Front Page Titles (by Subject) CHAP. IV.: Of the several wayes of Taxe, and first, of setting a part, a proportion of the whole Territory for Publick uses, in the nature of Crown Lands; and secondly, by way of Assessement, or Land-taxe. - The Economic Writings of Sir William Petty, vol. 1
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CHAP. IV.: Of the several wayes of Taxe, and first, of setting a part, a proportion of the whole Territory for Publick uses, in the nature of Crown Lands; and secondly, by way of Assessement, or Land-taxe. - Sir William Petty, The Economic Writings of Sir William Petty, vol. 1 
The Economic Writings of Sir William Petty, together with The Observations upon Bills of Mortality, more probably by Captain John Graunt, ed. Charles Henry Hull (Cambridge University Press, 1899), 2 vols.
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Of the several wayes of Taxe, and first, of setting a part, a proportion of the whole Territory for Publick uses, in the nature of Crown Lands; and secondly, by way of Assessement, or Land-taxe.
BUt supposing, that the several causes of Publick Charge are lessened as much as may be, and that the people be well satisfied, and contented to pay their just shares of what is needfull for their Government and Protection, as also for the Honour of their Prince and Countrey: It follows now to propose the several wayes, and expedients, how the same may be most easily, speedily, and insensibly collected. The which I shall do, by exposing the conveniencies and inconveniences of some of the principal wayes of Levyings, used of later years within the several States of Europe: unto which others of smaller and more rare use may be referred.
2. Imagine then, a number of people, planted in a Territory, who had upon Computation concluded, that two Millions of pounds per annum, is necessary to the publick charges. Or rather, who going more wisely to work, had computed a twenty fifth part of the proceed of all their Lands and Labours, were to be the Excisium† , or the part to be cut out, and laid aside for publick uses. Which proportions perhaps are fit enough to the affairs of England, but of that hereafter.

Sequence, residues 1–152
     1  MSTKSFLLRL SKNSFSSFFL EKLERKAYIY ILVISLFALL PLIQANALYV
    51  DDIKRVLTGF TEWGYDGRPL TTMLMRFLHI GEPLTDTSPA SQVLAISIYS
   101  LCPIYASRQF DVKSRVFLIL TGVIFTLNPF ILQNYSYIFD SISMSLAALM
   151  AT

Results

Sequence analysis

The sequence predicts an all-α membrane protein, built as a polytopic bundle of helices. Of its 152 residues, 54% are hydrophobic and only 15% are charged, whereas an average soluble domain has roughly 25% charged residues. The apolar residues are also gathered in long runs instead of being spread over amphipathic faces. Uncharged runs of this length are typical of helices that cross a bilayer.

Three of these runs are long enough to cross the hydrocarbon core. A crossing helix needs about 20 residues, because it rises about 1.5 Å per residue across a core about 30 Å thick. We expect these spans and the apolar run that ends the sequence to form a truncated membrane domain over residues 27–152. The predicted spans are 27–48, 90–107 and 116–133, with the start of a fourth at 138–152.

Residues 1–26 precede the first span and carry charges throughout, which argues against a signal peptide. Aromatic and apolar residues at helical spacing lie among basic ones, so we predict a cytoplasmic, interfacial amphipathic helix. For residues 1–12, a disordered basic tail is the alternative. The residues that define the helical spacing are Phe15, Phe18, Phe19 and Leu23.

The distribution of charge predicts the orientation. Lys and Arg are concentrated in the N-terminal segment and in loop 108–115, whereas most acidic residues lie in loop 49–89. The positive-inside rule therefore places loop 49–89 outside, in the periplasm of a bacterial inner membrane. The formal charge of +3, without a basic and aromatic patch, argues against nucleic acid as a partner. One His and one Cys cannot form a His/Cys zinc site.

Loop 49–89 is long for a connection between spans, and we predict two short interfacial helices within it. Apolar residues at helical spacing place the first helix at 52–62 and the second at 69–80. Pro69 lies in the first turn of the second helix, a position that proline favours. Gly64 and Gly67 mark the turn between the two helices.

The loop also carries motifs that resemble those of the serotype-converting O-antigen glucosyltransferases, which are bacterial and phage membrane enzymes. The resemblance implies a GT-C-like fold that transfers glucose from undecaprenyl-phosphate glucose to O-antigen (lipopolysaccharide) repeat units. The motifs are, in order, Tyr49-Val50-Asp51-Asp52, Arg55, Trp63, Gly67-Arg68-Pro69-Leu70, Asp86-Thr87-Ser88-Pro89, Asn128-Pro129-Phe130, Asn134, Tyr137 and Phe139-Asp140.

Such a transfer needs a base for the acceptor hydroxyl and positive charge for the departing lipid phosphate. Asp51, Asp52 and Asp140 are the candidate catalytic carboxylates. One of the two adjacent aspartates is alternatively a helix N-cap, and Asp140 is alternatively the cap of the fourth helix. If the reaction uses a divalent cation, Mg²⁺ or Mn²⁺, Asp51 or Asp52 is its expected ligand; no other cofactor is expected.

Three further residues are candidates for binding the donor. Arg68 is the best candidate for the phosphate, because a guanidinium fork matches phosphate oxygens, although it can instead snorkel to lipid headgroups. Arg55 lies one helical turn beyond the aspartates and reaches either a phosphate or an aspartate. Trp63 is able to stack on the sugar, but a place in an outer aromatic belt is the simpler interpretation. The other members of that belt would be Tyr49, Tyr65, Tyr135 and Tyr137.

3. Now the question is, how the one or the other shall be raised. The first way we propose, is, to Excize the very Land it self in kinde; that is, to cut out of the whole twenty five Millions, which are said to be in England and Wales, as much Land in specie, as whereof the Rack-rent would be two Millions, viz. about four Millions of Acres, which is about a sixth part of the whole; making the said four Millions to be ‖ Crown Lands, and as the four Counties1 intended to be reserved in Ireland upon the forfeitures were. Or else to excize a sixth part of the rent of the whole, which is about the proportion, that the Adventurers and Souldiers in Ireland retribute to the King, as Quit Rents. Of which two wayes, the latter is manifestly the better, the King having more security, and more obliges† ; provided the trouble and charge of this universal Collection, exceed not that of the other advantage considerably.
4. This way in a new State would be good, being agreed upon, as it was in Ireland, before men had even the possession of any Land at all; wherefore whosoever buyes Land in Ireland hereafter, is no more concerned with the Quit Rents wherewith they are charged, then if the Acres were so much the fewer; or then men are, who buy Land, out of which they know Tythes are to be paid. And truly that Countrey is happy, in which by Original Accord, such a Rent is reserved, as whereby the Publick charge may be born, without contingent, sudden, superadditions, in which lies the very Ratio of the burthen of all Contributions and Exactions. For in such cases, as was said before, it is not onely the Landlord payes, but every man who eats but an Egg, or an Onion of the growth of his Lands; or who useth the help of any Artisan, which feedeth on the same.
5. But if the same were propounded in England, viz. if an aliquot part of every Landlords Rent were excinded or retrenched, then those whose Rents were settled, and determined for long times to come, would chiefly bear the burthen of such an Imposition, and others have a benefit thereby. For suppose A. and B. have each of them a parcel of Land, of equal goodness and value; suppose also that A. hath let his parcel for twenty one years at twenty pound per annum, but that B. is free; now there comes out a Taxe of a fifth part; hereupon B. will not let under 251. that his remainder may be twenty, whereas A. must be contented with sixteen neat; nevertheless the Tenants of A. will sell the proceed of their bargain at the same rate, that the Tenants of B. shall do. ‖ The effect of all this is; First, that the Kings fifth part of B. his Farm shall be greater then before. Secondly, that the Farmer to B. shall gain more then before the Taxe. Thirdly, that the Tenant or Farmer of A. shall gain as much as the King and Tenant to B. both. Fourthly, the Tax doth ultimately light upon the Landlord A. and the Consumptioners. From whence it follows, that a Land-taxe resolves into an irregular Excize upon consumptions, that those bear it most, who least complain. And lastly, that some Landlords may gain, and onely such whose Rents are predetermined shall loose; and that doubly, viz. one way by the raising1 of their revenues, and the other by exhausting† the prices of provisions upon them.